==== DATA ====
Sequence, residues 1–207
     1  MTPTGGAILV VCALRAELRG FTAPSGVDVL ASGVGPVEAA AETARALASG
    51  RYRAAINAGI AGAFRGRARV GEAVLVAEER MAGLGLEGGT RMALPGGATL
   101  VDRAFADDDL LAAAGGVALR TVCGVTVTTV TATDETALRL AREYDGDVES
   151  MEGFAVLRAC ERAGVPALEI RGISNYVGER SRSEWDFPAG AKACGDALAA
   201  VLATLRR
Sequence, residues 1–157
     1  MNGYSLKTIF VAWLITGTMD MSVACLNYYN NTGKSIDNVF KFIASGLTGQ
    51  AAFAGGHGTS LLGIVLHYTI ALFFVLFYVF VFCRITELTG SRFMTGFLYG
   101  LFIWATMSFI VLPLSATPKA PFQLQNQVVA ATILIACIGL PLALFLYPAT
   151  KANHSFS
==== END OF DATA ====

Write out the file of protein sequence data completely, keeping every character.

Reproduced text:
Sequence, residues 1–207
     1  MTPTGGAILV VCALRAELRG FTAPSGVDVL ASGVGPVEAA AETARALASG
    51  RYRAAINAGI AGAFRGRARV GEAVLVAEER MAGLGLEGGT RMALPGGATL
   101  VDRAFADDDL LAAAGGVALR TVCGVTVTTV TATDETALRL AREYDGDVES
   151  MEGFAVLRAC ERAGVPALEI RGISNYVGER SRSEWDFPAG AKACGDALAA
   201  VLATLRR
Sequence, residues 1–157
     1  MNGYSLKTIF VAWLITGTMD MSVACLNYYN NTGKSIDNVF KFIASGLTGQ
    51  AAFAGGHGTS LLGIVLHYTI ALFFVLFYVF VFCRITELTG SRFMTGFLYG
   101  LFIWATMSFI VLPLSATPKA PFQLQNQVVA ATILIACIGL PLALFLYPAT
   151  KANHSFS